- 16. Goals of AI • To make computers more useful by letting them take over dangerous or tedious tasks from human • Understand principles of human intelligence
- 17. The Foundation of AI • Philosophy – At that time, the study of human intelligence began with no formal expression – Initiate the idea of mind as a machine and its internal operations
- 18. The Foundation of AI Mathematics formalizes the three main area of AI: computation, logic, and probability Computation leads to analysis of the problems that can be computed complexity theory Probability contributes the “degree of belief” to handle uncertainty in AI Decision theory combines probability theory and utility theory (bias)
- 19. The Foundation of AI • Psychology – How do humans think and act? – The study of human reasoning and acting – Provides reasoning models for AI – Strengthen the ideas • humans and other animals can be considered as information processing machines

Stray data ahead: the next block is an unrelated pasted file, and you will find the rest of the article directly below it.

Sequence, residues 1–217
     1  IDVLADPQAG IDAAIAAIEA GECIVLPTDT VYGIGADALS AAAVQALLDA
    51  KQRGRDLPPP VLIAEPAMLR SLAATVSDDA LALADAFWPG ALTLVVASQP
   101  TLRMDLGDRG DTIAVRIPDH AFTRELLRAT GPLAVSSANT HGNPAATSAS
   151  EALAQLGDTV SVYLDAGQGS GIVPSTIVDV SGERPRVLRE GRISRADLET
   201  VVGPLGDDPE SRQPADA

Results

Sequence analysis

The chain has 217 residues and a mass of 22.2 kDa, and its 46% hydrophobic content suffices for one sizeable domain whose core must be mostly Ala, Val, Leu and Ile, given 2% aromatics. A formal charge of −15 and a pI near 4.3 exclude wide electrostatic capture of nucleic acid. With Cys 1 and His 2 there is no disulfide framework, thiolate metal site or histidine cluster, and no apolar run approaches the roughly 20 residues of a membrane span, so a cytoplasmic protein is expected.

- 20. The Foundation of AI • Computer Engineering – How to build an efficient computer? – Provides the artifact that makes AI application possible – The power of computer makes computation of large and difficult problems more easily – AI has also contributed its own work to computer science, including: time-sharing, the linked list data type, OOP, etc.
- 21. The Foundation of AI • Control theory and Cybernetics – How can artifacts operate under their own control? – The artifacts adjust their actions • To do better for the environment over time • Based on an objective function and feedback from the environment – Not limited only to linear systems but also other problems • as language, vision, and planning, etc.
- 22. The Foundation of AI • Linguistics – For understanding natural languages • different approaches has been adopted from the linguistic work – Formal languages – Syntactic and semantic analysis – Knowledge representation
- 23. – more powerful and more useful computers – new and improved interfaces – solving new problems – better handling of information – relieves information overload – conversion of information into knowledge Some Advantages of Artificial Intelligence
- 24. The Disadvantages – increased costs – difficulty with software development - slow and expensive – few experienced programmers – few practical products have reached the market as yet.